Close up of elephant.
In Bela-Bela, a small town north of Pretoria, researchers conducted smelling tests on the largest land animal on Earth, elephants. These magnificent animals, were able to pick up on the scent of explosives 73 out of 74 times from a line of buckets. The elephants scored 23 out of 23 in the second bunch of tests, when odors such as tea, bleach, soap and gasoline, acting as distractions, were used.

The team of researchers, have proven that these giants have the ability to sniff out explosives with their powerful sense of smell. Despite this skill, fortunately it is not the intention to put the lives of elephants at risk on the battlefield to whiff out the deadly explosives.
It was first noticed that the giants of Africa could detect explosives in Angola, after returning following a war in the year 2002, which had left undetonated mines scattered across the land.

Baby elephant.
Researchers wanted to figure out why elephants were avoiding certain areas within the country. They believed it was one of the two; the elephants could smell the explosives or they avoided the areas where elephants had lost their lives in previous blasts.

The researches joined forces with the United States army, both with their own part to play. Researchers were on a mission to find out exactly how elephants smell, while the army engineers still plan to apply what’s been learnt to electronic sensors. The idea that the army has is to have a team of engineers design a sensor based on the trunk of an elephant; a trunk puffs out air, which in turn stirs up an area and then sucks the air back in to smell.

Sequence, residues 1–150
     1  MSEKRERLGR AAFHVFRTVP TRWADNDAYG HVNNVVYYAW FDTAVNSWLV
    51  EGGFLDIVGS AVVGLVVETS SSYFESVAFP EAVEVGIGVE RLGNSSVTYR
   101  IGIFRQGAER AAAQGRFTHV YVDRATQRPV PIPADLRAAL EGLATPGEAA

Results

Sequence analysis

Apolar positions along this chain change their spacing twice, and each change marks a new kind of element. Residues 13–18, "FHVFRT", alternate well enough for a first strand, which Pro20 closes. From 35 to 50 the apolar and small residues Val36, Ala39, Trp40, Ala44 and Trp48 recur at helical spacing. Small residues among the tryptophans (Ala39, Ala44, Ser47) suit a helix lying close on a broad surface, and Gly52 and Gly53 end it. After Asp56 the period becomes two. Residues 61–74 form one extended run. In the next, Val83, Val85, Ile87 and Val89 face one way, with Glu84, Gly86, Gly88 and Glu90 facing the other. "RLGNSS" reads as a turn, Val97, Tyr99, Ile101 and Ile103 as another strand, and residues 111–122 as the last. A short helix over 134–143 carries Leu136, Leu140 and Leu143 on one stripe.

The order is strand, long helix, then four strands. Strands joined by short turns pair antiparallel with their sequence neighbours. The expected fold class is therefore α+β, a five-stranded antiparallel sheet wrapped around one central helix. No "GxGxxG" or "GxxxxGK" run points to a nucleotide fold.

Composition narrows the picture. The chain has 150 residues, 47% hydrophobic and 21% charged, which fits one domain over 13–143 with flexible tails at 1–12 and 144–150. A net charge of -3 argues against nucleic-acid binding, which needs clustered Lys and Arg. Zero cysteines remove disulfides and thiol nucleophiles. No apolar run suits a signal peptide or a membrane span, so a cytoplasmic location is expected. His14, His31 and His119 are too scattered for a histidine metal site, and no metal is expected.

An elephant backside. 
Elephants have an extraordinary sense of smell with around 2,000 genes for picking up scents, more than any other animal on Earth. Their nostrils are found at the tip of the trunk and help with breathing, smelling and sucking in water to squirt into their mouths. Elephant trunks are constantly being used, swinging back and forth, picking up new scents.While dogs and rats are also able to sniff out explosives, an elephant can detect the smell of an explosive from a 100 metres away.

Thursday, 19 November 2015

Reptiles found in the Kruger - The Puff adder

Puff adder.
Their name ‘puff adder’ comes from the snake known for inflating itself and hissing when feeling threatened. The puff adder is one of the most common and widespread venomous snakes found in Africa. There are two subspecies of this snake; the more common and widespread puff adder, as found in the Kruger, and the puff adder found in Somalia and northern Kenya.

The puff adder, which grows to a maximum of 1 metre in length, is easily recognized by its stumpy and stocky appearance, is yellow-brown to light brown in colour with chevron-like markings, and a large, triangular shaped head with large nostrils that point upwards.

Puff adders belong to the viper family, meaning they have large, hinged front fangs that in order for them to be retained, they have to be hinged and folded out of the way of the mouth. It is because of this that their bites are painful and they are able to deeply penetrate their venom.